California Police Killed an Elderly, Mentally-Ill Man – They Say This Photo Shows Why They Did it

California – The photo is dark and blurry, but as the police tell it, it shows all you need to know.

Pedro Montanez, 71, a short, slight, barefoot man, stands in a dark parking lot in a defensive stance, with his knees bent slightly and his left arm outstretched. In his right hand, he clutches a pair of black-handled scissors.

About five feet away is Chris Cardova, a towering police officer. His gun is drawn and pointed.

This photograph – a screenshot taken from police body camera footage – offers the first detailed look at the last moments of Montanez’s life. He was fatally shot outside of a neighborhood market on Jackson Street on August 20, 2016, when police responded to a report of a man threatening people with a knife. They found Montanez nearby, shouting and holding a pair of scissors. He refused to drop the scissors, threatened to stab the officers and then dared them to shoot him. Cordova shot him five times.

The Riverside County District Attorney’s Office deemed the shooting justified last year, deciding that Cardova “reasonably believed” he was in danger, but Montanez family has filed a lawsuit arguing that police had no reason to use deadly force because they should have known the elderly, mentally-ill man posed no real threat.

The Indio Police Department now wants lawsuit thrown out, filing the photo published with this story to support arguments that Montanez was dangerous.

“The video footage clearly shows Montanez holding a deadly weapon with a firm grip in a position close enough to stab the officer in the neck, eye, other portion of his face or his torso or leg, and thereby inflict serious bodily injury or death,” said Larry Albers, an attorney for the police department, in court documents.

In response, attorneys for Montanez’s family argue that he was holding the scissors in a “non-threatening manner” with the blade pinched between his right index finger and thumb.

The photo, as filed in public court documents, is too blurry to tell conclusively how Montanez is gripping the scissors. The photo is a single frame from the body camera footage of Officer Kevin Fowler, another Indio cop who was at the scene but did not draw his gun. The footage has not been made public. A federal judge denied The Desert Sun access to the video in March.

Arnoldo Casillas, an attorney for Montanez’s family, said in court records that the police were never in danger, and if they truly felt they were at risk, they could have just backed up.

Instead, Cordova got “unreasonably and deliberately too close” to Montanez, and now police are attempting to use that closeness to justify the shooting, Casillas said.

“The use of deadly force was, against policy, not a last resort, because there were ample opportunities to stay (out) of Mr. Montanez’s way and less-than-lethal force options were available to detain Mr. Montanez, rather than shoot him,” Casillas wrote.

He also argues that the size difference between Montanez and Cordova suggests that the officer could have captured Montanez without deadly force.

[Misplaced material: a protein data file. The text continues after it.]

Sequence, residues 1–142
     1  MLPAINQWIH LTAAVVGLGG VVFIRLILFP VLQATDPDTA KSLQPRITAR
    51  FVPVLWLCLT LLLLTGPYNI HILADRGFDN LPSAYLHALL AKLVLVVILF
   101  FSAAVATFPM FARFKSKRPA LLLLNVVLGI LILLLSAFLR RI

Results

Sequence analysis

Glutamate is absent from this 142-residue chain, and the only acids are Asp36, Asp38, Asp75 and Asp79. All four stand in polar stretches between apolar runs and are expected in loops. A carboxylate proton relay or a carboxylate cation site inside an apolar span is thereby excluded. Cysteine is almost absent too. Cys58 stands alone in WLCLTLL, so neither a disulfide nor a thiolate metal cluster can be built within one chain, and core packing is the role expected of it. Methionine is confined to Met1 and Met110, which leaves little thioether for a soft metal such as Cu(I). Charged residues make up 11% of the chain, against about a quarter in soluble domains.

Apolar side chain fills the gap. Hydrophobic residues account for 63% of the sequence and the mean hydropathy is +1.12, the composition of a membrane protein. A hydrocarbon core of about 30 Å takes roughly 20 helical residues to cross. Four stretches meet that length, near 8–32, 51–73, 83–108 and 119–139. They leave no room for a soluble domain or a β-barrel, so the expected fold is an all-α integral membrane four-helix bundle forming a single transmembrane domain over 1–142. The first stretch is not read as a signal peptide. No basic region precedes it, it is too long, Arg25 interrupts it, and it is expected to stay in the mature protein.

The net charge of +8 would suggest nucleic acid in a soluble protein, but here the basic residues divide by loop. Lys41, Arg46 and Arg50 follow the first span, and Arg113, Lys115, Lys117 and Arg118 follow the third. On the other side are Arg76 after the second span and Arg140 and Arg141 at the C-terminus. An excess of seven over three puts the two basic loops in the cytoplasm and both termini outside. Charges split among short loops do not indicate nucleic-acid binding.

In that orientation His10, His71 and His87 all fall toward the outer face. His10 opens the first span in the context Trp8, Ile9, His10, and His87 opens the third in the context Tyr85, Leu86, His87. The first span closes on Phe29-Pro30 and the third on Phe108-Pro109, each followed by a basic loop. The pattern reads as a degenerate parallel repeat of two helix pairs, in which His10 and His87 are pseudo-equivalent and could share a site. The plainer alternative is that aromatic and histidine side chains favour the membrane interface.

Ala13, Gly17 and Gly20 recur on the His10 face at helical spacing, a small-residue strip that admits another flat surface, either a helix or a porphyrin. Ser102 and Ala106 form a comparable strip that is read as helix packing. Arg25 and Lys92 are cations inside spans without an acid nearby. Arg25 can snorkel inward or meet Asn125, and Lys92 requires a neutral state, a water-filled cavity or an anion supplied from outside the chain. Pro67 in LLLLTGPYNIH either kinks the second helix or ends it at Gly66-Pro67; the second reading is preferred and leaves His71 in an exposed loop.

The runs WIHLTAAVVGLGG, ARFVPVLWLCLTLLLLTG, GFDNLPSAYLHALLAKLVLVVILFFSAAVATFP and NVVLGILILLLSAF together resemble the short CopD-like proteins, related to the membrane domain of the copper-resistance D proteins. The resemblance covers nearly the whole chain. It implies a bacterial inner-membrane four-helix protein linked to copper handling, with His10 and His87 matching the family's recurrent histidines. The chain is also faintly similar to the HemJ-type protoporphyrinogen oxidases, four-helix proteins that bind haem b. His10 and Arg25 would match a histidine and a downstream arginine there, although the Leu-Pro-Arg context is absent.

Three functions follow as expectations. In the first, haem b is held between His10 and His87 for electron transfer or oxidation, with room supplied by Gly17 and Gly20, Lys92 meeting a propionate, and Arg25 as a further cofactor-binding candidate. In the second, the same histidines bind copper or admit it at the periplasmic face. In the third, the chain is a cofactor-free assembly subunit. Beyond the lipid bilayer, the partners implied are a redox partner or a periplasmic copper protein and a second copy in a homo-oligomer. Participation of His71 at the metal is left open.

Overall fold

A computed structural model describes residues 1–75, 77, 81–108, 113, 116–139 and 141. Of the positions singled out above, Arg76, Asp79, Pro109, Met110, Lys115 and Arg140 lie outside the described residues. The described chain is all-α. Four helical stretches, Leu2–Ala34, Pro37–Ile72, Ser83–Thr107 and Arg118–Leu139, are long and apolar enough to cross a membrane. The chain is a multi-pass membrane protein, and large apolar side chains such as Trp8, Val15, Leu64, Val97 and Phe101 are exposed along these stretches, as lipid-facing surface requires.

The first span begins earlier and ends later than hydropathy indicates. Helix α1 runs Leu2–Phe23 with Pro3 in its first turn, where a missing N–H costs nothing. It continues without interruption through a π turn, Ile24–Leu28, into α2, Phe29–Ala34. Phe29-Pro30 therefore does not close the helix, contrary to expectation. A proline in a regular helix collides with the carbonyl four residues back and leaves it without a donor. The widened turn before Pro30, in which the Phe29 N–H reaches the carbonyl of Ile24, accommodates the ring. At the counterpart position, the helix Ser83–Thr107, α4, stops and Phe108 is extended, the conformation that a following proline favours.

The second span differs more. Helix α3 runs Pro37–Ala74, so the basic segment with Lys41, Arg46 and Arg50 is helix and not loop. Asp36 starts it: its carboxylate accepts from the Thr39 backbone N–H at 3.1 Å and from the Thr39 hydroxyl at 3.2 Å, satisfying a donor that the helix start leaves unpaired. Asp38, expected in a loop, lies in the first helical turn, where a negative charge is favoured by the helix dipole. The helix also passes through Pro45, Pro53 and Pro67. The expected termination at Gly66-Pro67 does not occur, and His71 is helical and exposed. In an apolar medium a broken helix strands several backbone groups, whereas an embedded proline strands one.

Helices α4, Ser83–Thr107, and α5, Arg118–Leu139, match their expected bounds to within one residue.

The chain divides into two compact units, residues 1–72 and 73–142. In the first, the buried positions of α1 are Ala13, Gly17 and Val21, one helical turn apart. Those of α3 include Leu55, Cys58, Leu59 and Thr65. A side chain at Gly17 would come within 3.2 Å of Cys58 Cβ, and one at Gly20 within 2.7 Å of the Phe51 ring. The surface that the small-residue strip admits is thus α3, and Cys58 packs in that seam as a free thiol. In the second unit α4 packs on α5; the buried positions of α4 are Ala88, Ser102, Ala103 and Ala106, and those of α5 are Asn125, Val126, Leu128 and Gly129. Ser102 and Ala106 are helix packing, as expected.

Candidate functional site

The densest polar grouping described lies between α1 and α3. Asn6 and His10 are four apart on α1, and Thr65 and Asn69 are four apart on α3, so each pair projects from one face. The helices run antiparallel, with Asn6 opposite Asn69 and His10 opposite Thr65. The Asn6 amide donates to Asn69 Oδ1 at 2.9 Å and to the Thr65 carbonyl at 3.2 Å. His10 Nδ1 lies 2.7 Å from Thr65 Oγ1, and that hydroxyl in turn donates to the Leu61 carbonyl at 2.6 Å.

Montanez was 5’3” and 113 pounds.

Cordova is 6’5” and 285 pounds.

Police say the size difference is “irrelevant.”

“A small individual armed with a deadly weapon can cause as much harm as a large individual armed with the same weapon,” Albers said in a court motion. “(Montanez’s) close proximity, his movement holding the scissors in a position to strike, and his refusal to obey the officers’ commands made Montanez every bit as dangerous to the officers’ safety as an individual of greater size.”

Montanez had a long history of mental health issues, and at least three of his family members have told investigators that he was tormented by hallucinations, which he would sometimes try to attack with a knife.

It appears that the Indio police witnessed this behavior firsthand in an incident that was eerily similar to the fatal shooting but ended with nobody getting hurt.

One week before the shooting, a different Indio police officer encountered Montanez wandering alone, yelling loudly to himself. When the officer confronted Montanez, the old man pulled out a pair of keys and assumed a fighting stance. In a sworn deposition, the officer said that she and another officer were able to quickly wrestle Montanez to the ground with their bare hands.

Montanez was then taken to a nearby hospital, where he continued to be disruptive and had to be restrained and fitted with a spit mask, according to court documents. Fowler and Cordova, both of whom were at the hospital at the same time, saw Montanez in this state and came to believe he was “crazy,” according to their depositions.

Casillas, the attorney for the Montanez family, argued in court documents that this hospital visit shows that Fowler and Cordova knew the old man was mentally ill.

“They knowingly tased and shot an elderly, extremely slight man that they knew suffered from a mental condition … Their actions were patently reasonable,” Casillas wrote in court documents.

The shooting occurred eight days after the hospital visit. Indio police received a report of a man with a knife threatening a woman and her family at the Rancho Fresco Market on Jackson Street. Fowler, the first officer on the scene, immediately recognized Montanez. Fowler had arrested Montanez just one night prior for allegedly assaulting a gardener. This time, Montanez was holding a pair of scissors.

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